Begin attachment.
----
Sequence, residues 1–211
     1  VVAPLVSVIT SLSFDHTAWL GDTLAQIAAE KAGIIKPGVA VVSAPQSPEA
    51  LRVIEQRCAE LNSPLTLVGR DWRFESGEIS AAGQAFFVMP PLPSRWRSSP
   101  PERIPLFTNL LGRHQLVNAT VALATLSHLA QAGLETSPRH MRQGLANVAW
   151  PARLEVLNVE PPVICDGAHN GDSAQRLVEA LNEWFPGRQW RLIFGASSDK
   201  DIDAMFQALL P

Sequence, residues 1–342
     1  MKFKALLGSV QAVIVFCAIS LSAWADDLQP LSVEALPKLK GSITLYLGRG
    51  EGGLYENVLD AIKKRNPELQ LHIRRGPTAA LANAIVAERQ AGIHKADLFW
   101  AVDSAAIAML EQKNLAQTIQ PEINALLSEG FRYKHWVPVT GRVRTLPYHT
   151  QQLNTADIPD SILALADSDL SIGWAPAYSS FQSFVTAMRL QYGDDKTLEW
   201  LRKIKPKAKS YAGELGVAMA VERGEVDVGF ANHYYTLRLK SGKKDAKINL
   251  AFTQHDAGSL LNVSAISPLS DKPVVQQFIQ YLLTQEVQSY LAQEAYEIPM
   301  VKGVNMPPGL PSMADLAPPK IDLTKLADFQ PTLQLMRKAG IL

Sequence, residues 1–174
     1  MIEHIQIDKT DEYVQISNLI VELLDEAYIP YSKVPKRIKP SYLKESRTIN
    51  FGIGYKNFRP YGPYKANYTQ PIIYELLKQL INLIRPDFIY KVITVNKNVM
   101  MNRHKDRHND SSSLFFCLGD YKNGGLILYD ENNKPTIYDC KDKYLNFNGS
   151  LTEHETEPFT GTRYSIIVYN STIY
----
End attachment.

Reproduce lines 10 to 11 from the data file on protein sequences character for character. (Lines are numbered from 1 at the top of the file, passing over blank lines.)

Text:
   101  AVDSAAIAML EQKNLAQTIQ PEINALLSEG FRYKHWVPVT GRVRTLPYHT
   151  QQLNTADIPD SILALADSDL SIGWAPAYSS FQSFVTAMRL QYGDDKTLEW